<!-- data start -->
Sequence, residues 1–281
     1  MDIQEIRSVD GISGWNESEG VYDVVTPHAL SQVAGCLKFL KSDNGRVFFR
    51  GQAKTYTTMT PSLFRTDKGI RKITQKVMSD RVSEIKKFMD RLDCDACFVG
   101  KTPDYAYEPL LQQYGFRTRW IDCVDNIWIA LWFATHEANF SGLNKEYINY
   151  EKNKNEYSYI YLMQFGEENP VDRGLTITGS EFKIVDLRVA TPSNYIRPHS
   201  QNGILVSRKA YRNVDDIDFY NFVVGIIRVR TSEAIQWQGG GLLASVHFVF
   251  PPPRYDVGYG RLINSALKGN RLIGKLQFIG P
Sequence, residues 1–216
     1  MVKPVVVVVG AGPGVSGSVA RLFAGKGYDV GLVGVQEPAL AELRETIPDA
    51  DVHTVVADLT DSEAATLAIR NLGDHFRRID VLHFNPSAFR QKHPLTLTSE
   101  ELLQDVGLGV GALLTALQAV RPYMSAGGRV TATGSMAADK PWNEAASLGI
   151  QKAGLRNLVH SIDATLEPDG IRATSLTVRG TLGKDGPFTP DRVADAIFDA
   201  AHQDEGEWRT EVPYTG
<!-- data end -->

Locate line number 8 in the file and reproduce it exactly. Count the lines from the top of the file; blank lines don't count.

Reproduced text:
Sequence, residues 1–216